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Q&A With Organizations on the Front Lines of Homelessness
February 19, 2018 9:01 AM
by Margaret Willis
The City of Santa Monica invests more than $2.8 million annually in local service providers who address homelessness directly in our community by providing a variety of services for the homeless. Here’s a look at three of them.
St. Joseph Center
St. Joseph Center is a countywide nonprofit serving 7,000 low-income and homeless clients annually. Through the Chronic Homeless Project, the organization provides outreach, placement and housing retention services to highly vulnerable men and women in Santa Monica.
Question: How is your organization working to better save homeless people?
St. Joseph Center: We were among the City of Santa Monica’s earliest partners on the Chronic Homeless Project, and we have evolved the concept of multi-disciplinary teams for the last decade. Many of our street teams now include outreach specialists, mental health professionals and medical practitioners. We also believe deeply in the power of collaboration. We have been eager to serve as the lead agency for this region’s Coordinated Entry System for Individuals since its inception a few years ago, because we know we can always achieve more by working together than by working independently.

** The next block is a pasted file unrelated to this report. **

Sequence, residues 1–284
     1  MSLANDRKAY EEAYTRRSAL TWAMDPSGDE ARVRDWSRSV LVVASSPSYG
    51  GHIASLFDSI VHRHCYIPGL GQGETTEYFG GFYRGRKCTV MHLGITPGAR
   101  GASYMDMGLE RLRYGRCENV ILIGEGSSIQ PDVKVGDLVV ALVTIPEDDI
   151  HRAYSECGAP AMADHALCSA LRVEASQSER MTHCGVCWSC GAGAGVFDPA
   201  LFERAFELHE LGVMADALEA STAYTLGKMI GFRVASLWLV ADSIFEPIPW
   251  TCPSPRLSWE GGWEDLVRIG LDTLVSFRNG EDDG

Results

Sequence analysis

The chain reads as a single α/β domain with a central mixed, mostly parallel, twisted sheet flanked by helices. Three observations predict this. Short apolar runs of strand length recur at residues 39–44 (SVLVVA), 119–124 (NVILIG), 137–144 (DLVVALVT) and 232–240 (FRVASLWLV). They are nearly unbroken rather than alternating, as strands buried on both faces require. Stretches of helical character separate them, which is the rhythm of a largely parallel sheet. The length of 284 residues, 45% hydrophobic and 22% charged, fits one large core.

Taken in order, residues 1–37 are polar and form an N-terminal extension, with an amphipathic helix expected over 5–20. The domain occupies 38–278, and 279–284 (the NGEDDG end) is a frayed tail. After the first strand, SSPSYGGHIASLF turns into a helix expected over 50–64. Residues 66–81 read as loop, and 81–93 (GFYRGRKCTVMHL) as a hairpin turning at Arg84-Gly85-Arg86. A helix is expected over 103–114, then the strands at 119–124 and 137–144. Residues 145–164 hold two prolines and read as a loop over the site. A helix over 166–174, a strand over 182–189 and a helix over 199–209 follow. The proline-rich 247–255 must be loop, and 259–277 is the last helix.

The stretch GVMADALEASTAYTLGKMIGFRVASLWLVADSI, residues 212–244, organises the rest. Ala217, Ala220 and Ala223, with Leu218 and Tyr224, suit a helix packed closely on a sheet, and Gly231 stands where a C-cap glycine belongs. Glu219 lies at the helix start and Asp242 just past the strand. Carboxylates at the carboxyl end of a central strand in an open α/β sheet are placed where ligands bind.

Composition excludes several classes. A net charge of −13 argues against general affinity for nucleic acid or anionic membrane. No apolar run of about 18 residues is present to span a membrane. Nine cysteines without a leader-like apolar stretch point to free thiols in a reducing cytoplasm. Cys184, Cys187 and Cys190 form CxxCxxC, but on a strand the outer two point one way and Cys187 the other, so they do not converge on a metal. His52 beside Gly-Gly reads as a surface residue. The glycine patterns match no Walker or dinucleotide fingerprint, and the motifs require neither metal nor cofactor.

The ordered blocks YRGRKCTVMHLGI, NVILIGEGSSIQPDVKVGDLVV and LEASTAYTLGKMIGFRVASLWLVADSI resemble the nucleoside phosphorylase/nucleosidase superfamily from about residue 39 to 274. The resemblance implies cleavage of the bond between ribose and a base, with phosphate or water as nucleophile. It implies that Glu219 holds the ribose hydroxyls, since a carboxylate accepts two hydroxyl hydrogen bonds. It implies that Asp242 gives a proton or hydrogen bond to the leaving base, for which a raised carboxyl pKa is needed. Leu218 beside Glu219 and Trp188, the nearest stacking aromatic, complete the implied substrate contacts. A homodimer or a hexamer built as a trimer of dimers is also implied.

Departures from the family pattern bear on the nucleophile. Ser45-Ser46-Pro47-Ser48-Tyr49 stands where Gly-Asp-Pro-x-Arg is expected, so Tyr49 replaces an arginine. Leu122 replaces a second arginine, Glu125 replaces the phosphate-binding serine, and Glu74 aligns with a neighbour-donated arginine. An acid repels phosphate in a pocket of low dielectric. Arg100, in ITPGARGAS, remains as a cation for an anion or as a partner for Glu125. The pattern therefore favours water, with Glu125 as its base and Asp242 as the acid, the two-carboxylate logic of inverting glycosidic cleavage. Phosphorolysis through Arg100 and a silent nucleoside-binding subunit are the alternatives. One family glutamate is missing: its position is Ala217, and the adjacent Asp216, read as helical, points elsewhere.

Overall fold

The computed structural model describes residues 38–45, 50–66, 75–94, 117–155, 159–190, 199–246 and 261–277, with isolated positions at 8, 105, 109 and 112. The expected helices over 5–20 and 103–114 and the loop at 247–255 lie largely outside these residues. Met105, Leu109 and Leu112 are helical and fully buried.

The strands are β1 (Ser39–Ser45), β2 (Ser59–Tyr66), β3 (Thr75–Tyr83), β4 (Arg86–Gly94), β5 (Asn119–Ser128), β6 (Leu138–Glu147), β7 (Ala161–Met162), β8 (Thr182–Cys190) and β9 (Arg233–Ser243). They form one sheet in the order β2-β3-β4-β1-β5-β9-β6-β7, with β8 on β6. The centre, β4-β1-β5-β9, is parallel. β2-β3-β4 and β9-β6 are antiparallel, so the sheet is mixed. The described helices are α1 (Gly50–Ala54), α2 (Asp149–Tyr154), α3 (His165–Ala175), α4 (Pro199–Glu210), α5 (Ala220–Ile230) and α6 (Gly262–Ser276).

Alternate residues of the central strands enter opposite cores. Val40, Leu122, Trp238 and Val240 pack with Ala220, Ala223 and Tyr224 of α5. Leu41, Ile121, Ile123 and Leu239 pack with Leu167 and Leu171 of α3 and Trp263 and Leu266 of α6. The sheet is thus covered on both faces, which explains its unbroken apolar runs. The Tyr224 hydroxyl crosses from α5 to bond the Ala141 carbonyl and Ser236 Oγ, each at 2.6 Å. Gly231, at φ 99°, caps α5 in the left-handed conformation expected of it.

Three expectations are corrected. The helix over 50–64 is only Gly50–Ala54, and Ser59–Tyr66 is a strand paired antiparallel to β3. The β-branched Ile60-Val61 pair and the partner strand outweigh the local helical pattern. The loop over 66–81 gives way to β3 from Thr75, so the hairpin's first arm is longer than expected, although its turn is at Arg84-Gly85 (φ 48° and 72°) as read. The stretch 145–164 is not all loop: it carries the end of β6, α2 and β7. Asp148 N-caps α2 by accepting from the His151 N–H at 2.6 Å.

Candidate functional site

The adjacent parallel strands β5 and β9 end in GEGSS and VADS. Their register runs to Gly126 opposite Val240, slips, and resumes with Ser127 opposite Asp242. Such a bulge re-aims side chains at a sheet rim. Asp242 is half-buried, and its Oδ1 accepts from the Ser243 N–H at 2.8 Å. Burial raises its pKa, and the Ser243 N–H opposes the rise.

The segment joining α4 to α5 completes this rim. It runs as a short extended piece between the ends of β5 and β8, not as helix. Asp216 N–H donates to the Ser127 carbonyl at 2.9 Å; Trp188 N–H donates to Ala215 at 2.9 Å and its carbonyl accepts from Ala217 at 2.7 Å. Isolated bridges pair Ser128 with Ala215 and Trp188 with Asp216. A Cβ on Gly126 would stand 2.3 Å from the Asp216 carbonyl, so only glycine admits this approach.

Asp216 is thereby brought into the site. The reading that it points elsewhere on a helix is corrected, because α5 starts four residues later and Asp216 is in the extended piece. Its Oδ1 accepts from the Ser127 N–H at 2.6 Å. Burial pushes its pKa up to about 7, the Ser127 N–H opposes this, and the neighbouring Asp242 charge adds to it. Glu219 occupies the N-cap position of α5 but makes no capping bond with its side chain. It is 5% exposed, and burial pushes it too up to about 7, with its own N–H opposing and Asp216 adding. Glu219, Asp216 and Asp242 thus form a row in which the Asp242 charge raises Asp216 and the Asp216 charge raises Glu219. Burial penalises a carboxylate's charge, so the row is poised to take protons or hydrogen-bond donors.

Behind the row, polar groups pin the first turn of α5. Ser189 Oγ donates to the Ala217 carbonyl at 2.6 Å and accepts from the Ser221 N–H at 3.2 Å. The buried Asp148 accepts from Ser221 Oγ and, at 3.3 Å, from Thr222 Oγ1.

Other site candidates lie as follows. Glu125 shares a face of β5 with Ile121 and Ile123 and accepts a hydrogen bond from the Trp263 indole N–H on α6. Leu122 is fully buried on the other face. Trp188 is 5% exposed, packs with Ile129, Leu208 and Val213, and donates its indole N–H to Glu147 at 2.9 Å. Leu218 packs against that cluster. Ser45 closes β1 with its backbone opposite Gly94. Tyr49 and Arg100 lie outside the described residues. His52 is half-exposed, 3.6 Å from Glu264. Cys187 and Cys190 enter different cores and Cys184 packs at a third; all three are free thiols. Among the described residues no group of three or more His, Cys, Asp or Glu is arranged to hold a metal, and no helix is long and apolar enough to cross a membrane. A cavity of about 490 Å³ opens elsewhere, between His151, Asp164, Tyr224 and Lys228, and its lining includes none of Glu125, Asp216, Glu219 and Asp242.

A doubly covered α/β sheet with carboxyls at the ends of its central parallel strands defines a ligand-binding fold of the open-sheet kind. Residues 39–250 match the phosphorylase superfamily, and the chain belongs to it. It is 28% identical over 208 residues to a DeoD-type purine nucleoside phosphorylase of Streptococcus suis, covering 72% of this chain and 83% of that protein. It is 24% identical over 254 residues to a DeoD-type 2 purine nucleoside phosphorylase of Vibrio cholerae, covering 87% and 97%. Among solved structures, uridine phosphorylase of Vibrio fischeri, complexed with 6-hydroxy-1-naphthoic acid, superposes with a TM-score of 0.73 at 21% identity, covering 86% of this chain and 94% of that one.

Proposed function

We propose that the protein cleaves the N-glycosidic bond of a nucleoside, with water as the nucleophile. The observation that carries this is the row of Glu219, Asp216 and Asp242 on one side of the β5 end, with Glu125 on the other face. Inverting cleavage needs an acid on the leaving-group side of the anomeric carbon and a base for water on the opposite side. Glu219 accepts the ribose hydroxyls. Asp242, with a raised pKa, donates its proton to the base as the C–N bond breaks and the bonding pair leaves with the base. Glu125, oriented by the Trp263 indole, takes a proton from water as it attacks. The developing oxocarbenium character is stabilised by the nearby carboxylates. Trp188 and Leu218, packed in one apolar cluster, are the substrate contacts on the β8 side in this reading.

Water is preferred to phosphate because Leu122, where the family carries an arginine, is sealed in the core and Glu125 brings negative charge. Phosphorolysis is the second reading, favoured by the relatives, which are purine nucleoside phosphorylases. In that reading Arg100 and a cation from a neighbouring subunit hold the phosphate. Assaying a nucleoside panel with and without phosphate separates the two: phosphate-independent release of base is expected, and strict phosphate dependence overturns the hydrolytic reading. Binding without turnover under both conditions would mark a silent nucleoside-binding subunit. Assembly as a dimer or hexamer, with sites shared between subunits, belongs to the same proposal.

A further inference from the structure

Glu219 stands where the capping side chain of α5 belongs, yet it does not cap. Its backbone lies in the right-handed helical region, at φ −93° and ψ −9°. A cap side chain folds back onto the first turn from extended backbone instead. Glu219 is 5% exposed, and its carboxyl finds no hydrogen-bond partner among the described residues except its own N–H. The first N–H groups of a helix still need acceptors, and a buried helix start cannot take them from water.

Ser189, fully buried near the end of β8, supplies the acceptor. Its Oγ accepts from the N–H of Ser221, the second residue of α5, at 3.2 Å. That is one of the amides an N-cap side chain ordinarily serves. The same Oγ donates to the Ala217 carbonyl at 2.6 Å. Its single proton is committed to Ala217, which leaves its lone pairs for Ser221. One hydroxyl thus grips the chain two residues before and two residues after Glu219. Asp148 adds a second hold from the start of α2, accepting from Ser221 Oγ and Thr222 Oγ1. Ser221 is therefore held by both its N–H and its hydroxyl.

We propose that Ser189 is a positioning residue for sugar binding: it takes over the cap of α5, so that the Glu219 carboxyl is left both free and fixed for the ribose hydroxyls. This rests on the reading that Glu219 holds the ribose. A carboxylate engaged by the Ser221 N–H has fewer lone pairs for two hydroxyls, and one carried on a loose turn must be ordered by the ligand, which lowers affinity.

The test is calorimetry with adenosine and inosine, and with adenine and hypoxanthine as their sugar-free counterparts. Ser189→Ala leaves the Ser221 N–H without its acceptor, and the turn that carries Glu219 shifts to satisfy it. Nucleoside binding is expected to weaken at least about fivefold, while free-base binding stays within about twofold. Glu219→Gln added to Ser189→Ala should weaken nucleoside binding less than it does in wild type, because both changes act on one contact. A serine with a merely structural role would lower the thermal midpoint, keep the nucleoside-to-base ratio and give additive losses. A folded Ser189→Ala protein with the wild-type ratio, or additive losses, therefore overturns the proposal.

Q: Our city has seen an increase in people without homes. How has this issue been changing regionally?
SJC: Homelessness is up across LA County, in virtually every city and community. This is a regional challenge that will require regional solutions. We are encouraged by the passage of Measure H in the County and Measure HHH in the City of LA. As a larger community, we are becoming more concerned about finding real solutions for the most vulnerable among us.
Q: What is your organization's main goal this year?
SJC: Our overarching goal is to make an impact that people can see. When you drive down the streets of your community, does it look different now than it did a year ago? We’re striving to make sure people see and feel that things are getting better.
Q: How can we help?
SJC: Residents can volunteer by holding drives for important items such as hygiene kits for homeless men and women. Please visit stjosephctr.org/how-to-help to learn more.
The People Concern
As one of Los Angeles County’s largest social services agencies, The People Concern provides a fully integrated system of care tailored to the needs of homeless individuals, survivors of domestic violence and others who have nowhere else to turn. The People Concern was formed in 2016 by a union of two Los Angeles County-based social service organizations, OPCC and Lamp Community.
Question: How do you work with the City of Santa Monica to assist those in need?
The People Concern: The People Concern has strong ties and partnerships within the community. Our outreach teams partner and connect with the Santa Monica Police Department to bring crucial services to the City’s most vulnerable, meeting individuals where they are. We also have a partnership with Providence Saint John’s Health Center through our hospital in-reach program, the first of its kind in Santa Monica.